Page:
Besides the plays, Shakespeare wrote at intervals and in different moods, a series of one hundred and fifty-four Sonnets, the poems Venus and Adonis and The Rape of Lucrece.
It is interesting to note that, with three or four exceptions, Shakespeare did not invent the plots of his plays but took them from various sources. Quite a number, about fourteen are taken, directly or indirectly, from Italian literature (Boccaccio, Bandello, Giovanni Fiorentino) while four treat events in Roman History.
He has been called “Bard of Avon” and “Swan of Avon”. Milton calls him “Sweetest Shakespeare Fancy’s child”. Dryden considers him the “Homer of our dramatic poets”, refers to his “magic” and states that “He was the man who of all modern and perhaps ancient poets had the largest and most comprehensive soul”.
The most remarkable characteristic of Shakespeare’s plays is their wonderful variety. They display his superlative ability to put thought into condensed poetic phraseology. His characterization is perfect and his psychological touch superb both in the human and the fantastic. He can be humorous or stern, tragic or comic, and be at home in the world of the supernatural. His outlook on mankind is tolerant; he is in sympathy with man in all his weakness and strength and regarding man’s tragic destinies has greater human coherence than his greatest predecessors, the Greek tragedians.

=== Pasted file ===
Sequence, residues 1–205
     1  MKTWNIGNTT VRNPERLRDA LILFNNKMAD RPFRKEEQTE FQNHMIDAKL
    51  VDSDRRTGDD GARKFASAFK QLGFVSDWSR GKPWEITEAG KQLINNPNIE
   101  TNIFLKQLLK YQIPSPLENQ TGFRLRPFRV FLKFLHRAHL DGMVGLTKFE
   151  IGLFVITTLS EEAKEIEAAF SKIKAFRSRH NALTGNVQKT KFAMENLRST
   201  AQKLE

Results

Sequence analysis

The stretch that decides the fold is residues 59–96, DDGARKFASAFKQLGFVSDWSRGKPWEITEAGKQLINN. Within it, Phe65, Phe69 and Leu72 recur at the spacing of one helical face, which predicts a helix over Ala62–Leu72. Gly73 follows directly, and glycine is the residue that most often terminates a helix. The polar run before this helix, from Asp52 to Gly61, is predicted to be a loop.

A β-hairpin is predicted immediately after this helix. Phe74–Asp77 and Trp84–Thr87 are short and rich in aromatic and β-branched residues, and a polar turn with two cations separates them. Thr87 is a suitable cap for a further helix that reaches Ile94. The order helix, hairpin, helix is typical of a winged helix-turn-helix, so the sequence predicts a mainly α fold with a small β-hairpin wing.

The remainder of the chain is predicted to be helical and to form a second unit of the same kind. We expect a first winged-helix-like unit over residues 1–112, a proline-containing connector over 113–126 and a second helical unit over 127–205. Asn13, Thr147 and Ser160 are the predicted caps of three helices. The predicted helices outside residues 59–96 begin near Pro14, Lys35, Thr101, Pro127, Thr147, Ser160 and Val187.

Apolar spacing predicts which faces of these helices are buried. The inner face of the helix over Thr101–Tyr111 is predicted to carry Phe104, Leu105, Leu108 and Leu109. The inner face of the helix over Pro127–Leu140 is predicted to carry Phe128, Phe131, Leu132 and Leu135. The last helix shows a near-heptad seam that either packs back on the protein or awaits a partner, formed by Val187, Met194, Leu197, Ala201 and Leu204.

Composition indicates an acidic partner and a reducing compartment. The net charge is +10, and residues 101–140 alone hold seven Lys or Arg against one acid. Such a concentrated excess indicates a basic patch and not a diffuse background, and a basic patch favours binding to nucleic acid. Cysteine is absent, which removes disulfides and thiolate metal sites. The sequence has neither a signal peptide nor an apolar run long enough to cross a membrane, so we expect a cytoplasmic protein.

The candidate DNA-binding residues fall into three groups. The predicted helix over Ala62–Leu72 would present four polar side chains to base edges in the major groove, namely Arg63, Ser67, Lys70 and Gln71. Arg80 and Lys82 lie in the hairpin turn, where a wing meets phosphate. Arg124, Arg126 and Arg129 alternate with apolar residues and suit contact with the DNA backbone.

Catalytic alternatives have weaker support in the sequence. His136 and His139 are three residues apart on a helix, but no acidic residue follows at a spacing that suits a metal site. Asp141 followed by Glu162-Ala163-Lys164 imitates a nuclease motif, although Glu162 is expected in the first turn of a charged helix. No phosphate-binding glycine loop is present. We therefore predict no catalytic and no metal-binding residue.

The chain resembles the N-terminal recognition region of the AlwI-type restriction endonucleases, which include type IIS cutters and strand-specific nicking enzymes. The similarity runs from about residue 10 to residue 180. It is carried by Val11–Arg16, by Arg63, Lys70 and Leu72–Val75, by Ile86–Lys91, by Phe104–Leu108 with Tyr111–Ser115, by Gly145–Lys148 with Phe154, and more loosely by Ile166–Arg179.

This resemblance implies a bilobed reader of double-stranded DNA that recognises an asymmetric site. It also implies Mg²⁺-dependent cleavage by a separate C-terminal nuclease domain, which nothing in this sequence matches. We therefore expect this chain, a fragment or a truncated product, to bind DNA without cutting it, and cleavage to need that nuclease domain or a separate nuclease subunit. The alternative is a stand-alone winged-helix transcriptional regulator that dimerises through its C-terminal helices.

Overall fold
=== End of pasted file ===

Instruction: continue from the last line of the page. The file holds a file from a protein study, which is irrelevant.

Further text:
A Midsummer Night's Dream is a romantic comedy written in five acts in the 1590s.
It portrays the adventures of four young Athenian lovers and a group of amateur actors, their interactions with the Duke and Duchess of Athens, Theseus and Hippolyta, and with fairies who inhabit a moonlit forest. The play is one of Shakespeare's most popular and is widely performed across the world.
There is no known source for the plot of A Midsummer Night's Dream, although individual elements can be traced to classical literature; for example, the story of Pyramus and Thisbe is told in Ovid's Metamorphoses and the transformation of Bottom into an ass is descended from Apuleius' The Golden Ass; Shakespeare would have studied both texts at school.